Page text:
Friday, 26 May 2017

What Western academics, Jeremy Corbyn and Islamic fanatics agree on

Believe it or not, this list wasn't compiled by some bitter old right-winger like me...

...but by David Hirsh, a sociology lecturer at that hotbed of cultural Marxist academic nuttery, Goldsmiths College. And it's because Western academics indoctrinate their students with this sort of poisonous, irrational, civilisation-threatening nonsense that so many young people vote Labour (well, that and the fact that very few of them actually know anything). 

Of course, the process starts earlier than university. A piece of research in 2015 found that 40% of British schoolchildren didn't know what the Battle of Britain was, that 10% of them thought it was fought against the Vikings, and that a further 10% thought it took place in 2014. When I arrived in England from Norway at the age of six, I was sent to the Wimbledon Common Preparatory School. My very first memory of it is sitting in Miss Perkins' class, using crayons to draw action-packed scenes from the Battle of Trafalgar. As we spoke English at home, as my parents had both served in the RAF during the war, and as my mother was a Scot, and my Scottish grandmother lived with us, I wasn't exactly in urgent need of cultural integration. But those simple, early lessons in British history certainly helped me feel part of my new country, without in any way lessening my pride in the one I'd just left: in a way, they acted as an inoculation against all the fashionable, self-hating nonsense spewed out by educated fools in the 1960s - and ever since.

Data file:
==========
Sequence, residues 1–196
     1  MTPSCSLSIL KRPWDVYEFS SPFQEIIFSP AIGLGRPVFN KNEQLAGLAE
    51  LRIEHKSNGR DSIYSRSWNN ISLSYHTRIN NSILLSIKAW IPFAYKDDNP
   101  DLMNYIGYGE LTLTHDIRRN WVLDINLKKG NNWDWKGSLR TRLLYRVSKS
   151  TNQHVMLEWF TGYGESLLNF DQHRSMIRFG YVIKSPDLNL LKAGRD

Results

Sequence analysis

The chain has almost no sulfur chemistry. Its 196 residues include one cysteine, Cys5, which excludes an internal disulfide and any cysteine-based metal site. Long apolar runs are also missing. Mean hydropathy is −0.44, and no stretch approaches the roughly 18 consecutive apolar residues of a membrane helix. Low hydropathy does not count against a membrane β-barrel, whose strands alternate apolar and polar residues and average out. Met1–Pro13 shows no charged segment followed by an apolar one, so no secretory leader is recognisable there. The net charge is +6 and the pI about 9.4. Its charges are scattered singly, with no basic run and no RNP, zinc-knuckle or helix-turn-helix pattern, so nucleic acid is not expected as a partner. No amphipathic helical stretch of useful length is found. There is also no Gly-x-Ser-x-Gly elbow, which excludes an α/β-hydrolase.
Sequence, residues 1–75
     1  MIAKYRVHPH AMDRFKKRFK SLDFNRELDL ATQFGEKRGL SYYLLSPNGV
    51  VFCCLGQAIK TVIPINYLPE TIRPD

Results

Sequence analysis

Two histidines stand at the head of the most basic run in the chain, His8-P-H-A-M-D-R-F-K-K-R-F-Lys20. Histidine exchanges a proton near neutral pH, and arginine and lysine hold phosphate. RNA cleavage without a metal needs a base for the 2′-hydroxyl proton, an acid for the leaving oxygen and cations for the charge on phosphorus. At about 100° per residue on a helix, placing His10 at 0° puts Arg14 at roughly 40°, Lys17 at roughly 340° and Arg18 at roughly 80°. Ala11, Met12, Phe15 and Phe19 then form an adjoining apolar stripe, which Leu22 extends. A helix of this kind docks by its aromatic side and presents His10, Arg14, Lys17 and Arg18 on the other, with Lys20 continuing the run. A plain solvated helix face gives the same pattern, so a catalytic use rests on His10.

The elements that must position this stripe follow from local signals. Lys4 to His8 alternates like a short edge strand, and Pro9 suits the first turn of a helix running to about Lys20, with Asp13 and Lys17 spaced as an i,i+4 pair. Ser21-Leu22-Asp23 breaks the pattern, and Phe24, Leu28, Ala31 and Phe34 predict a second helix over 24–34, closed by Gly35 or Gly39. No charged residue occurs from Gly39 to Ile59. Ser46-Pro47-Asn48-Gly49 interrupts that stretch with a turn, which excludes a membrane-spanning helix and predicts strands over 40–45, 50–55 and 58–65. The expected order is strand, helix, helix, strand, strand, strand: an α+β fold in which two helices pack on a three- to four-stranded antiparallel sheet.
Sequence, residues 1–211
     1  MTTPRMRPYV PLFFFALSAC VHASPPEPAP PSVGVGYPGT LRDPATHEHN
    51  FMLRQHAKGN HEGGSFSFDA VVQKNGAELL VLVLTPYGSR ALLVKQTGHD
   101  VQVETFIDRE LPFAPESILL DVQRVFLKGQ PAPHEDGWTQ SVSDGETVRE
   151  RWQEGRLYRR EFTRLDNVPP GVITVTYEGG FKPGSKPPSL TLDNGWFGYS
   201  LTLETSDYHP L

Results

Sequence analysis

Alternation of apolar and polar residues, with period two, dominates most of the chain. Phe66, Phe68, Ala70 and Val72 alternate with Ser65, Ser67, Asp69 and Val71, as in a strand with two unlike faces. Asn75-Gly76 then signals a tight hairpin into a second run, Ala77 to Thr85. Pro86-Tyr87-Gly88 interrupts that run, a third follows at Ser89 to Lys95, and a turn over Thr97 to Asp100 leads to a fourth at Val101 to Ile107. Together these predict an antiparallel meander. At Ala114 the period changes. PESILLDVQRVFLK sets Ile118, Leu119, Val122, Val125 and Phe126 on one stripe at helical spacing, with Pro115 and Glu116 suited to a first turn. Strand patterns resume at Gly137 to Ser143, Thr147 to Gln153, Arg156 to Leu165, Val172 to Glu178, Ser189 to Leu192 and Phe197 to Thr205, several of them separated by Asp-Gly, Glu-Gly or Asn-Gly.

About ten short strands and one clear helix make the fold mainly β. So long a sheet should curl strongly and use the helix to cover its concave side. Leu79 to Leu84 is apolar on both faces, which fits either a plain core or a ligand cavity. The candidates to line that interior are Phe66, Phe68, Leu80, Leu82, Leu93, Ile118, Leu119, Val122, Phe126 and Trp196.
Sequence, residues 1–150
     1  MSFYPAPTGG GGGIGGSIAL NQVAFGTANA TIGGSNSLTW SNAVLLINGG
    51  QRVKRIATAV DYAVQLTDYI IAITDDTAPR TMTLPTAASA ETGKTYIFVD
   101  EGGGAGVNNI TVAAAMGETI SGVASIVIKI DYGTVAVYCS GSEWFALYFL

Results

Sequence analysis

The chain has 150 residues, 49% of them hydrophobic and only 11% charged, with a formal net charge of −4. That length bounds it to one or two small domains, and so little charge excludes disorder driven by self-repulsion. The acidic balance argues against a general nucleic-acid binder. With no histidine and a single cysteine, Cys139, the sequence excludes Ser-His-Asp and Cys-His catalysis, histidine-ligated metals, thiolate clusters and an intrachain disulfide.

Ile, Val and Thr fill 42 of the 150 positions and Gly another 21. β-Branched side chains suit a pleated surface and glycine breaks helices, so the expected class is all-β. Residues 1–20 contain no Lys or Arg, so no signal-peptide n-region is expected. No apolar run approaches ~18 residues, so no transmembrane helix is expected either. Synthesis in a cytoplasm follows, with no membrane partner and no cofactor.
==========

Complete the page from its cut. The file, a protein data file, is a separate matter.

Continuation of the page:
What, I wonder, do British children draw in class these days? The Russian Revolution? The Slave Trade ? Martin Luther King? Hitler? Nelson Mandela? The Battle of Orgreave? The Heroic Defence of Raqqa? Not, presumably, the Battle of Trafalgar - or, it seems,  the Battle of Britain. Pity.

This is the sort of effect I was going for back in 1959. To be honest, I'm not sure I quite managed it:

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